Region 8 News Release: 13-403-MON (SF-26)
March 13, 2013
Contact: Deanne Amaden Jose A. Carnevali
Phone: 415-625-2630 415-625-2631
Email: Amaden.email@example.com Carnevali.firstname.lastname@example.org
US Department of Labor's OSHA cites Montana asphalt company for failing
to provide fall protection following a worker's death
BILLINGS, Mont. – The U.S. Department of Labor's Occupational Safety and Health Administration has cited Corvallis, Mont.-based M.R. Asphalt Inc. with 16 safety and health violations, including one willful, following an investigation into the death of a worker that occurred in September 2012.
An employee checking asphalt levels from the top of a tank at the M.R. Asphalt facility north of Hamilton, Mont., fell 15 feet, hitting his head on a concrete structure supporting the tank. A willful violation was cited for failing to provide a guardrail or fall protection on the working surface. A willful violation is one committed with intentional, knowing or voluntary disregard for the law's requirements, or with plain indifference to worker safety and health.
"By ignoring fall protection requirements, this employer showed plain indifference and intentional disregard to worker safety," said Jeff Funke, director of OSHA's Billings Area Office. "Employers who knowingly expose workers to life-threatening hazards will be held fully accountable."
Thirteen serious violations include failing to provide workers with information and training on hazardous chemicals, provide adequate toilet and hand-washing facilities and protect workers from moving parts, such as horizontal shafts, drive systems, rotating chains and sprocket assemblies. Other violations include exposing workers to electrical hazards and leaving ladders with defects in service. A serious violation occurs when there is substantial probability that death or serious physical harm could result from a hazard about which the employer knew or should have known.
Two other-than-serious violations were cited for failing to record each work-related fatality, injury or illness case, and notify OSHA within eight hours of an occupational fatality. An other-than-serious violation is one that has a direct relationship to job safety and health, but probably would not cause death or serious physical harm.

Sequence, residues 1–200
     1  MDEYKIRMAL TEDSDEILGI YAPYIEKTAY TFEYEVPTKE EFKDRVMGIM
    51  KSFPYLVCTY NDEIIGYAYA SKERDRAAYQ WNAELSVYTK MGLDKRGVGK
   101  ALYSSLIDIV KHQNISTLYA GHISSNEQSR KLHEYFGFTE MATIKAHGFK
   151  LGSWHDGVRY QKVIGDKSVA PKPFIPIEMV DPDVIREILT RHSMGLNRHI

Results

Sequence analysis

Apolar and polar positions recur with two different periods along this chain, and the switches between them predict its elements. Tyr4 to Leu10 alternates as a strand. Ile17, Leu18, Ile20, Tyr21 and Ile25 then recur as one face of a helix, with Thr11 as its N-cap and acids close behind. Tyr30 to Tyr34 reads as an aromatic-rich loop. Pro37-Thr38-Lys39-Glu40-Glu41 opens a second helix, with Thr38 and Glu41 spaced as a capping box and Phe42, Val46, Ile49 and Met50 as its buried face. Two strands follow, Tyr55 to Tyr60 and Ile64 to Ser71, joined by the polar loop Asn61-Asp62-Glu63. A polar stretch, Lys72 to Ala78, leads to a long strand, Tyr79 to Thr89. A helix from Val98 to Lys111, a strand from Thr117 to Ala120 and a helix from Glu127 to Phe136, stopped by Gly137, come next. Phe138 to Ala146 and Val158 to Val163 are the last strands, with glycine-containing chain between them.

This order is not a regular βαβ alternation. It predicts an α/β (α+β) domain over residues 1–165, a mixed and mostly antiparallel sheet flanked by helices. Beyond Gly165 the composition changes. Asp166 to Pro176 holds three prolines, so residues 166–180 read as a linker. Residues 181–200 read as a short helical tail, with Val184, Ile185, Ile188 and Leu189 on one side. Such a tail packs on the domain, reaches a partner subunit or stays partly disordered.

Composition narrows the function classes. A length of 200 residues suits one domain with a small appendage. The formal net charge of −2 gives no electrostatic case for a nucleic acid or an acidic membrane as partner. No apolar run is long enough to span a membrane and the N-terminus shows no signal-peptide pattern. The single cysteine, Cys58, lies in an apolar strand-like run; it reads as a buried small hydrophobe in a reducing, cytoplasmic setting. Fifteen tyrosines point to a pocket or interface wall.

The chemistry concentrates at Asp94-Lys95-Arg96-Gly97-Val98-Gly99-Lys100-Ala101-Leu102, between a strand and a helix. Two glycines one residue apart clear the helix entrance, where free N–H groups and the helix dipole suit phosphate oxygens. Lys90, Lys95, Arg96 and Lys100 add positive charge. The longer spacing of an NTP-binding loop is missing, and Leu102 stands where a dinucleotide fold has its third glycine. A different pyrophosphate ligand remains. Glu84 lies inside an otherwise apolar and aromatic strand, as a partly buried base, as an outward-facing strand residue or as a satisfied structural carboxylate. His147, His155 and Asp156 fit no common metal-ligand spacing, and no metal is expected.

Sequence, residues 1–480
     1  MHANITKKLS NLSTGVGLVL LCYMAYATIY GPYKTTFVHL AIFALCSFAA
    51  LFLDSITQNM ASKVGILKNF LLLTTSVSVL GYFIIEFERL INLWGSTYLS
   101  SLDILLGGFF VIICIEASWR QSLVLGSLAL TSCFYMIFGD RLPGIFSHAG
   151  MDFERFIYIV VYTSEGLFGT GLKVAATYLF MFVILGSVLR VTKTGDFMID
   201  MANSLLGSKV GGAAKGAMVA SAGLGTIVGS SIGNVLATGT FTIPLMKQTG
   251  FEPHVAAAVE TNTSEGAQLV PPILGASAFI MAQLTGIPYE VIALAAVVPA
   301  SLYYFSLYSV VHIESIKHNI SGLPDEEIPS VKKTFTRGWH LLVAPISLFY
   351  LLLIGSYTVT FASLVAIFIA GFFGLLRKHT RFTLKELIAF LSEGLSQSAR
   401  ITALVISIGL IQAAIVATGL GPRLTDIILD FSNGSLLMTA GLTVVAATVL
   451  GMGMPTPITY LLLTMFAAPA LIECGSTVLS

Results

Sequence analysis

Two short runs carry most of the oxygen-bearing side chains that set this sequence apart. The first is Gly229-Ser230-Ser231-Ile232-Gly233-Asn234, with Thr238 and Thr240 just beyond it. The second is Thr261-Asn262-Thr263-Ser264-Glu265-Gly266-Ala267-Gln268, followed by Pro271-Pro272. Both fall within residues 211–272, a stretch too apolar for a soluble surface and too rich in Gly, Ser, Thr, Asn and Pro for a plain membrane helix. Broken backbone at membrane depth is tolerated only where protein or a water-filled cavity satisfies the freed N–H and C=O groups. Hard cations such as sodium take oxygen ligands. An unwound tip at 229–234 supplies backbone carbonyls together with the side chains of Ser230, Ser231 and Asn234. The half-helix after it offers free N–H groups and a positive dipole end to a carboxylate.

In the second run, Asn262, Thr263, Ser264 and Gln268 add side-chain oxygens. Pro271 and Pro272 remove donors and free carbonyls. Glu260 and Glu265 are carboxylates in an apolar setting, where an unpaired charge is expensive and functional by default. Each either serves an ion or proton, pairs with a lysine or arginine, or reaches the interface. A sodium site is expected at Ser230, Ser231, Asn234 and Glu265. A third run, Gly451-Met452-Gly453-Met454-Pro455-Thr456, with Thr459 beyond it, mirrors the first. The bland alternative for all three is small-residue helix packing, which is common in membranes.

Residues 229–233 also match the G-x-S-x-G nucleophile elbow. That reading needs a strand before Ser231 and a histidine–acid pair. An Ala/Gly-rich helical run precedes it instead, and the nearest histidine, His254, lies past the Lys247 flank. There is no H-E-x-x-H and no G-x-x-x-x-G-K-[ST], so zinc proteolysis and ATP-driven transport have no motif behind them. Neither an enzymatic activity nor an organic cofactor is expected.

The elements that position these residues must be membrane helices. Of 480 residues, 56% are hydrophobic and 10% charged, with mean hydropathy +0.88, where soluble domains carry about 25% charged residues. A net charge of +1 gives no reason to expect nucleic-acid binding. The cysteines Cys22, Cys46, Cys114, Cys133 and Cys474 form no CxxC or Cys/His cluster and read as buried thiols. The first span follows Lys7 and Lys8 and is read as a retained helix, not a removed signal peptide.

Proposed penalties total $54,000. The company has 15 business days from receipt of the citations and proposed penalties to comply, request an informal conference with OSHA or contest the findings before the independent Occupational Safety and Health Review Commission.
To ask questions, obtain compliance assistance, file a complaint, or report workplace hospitalizations, fatalities or situations posing imminent danger to workers, the public should call OSHA's toll-free hotline at 800-321-OSHA (6742) or the agency's Billings office at 406-247-7494.
Under the Occupational Safety and Health Act of 1970, employers are responsible for providing safe and healthful workplaces for their employees. OSHA's role is to ensure these conditions for America's working men and women by setting and enforcing standards, and providing training, education and assistance. For more information, visit http://www.osha.gov.
U.S. Department of Labor news materials are accessible at http://www.dol.gov. The information above is available in large print, Braille, audio tape or disc from the COAST office upon request by calling 202-693-7828 or TTY 202-693-7755.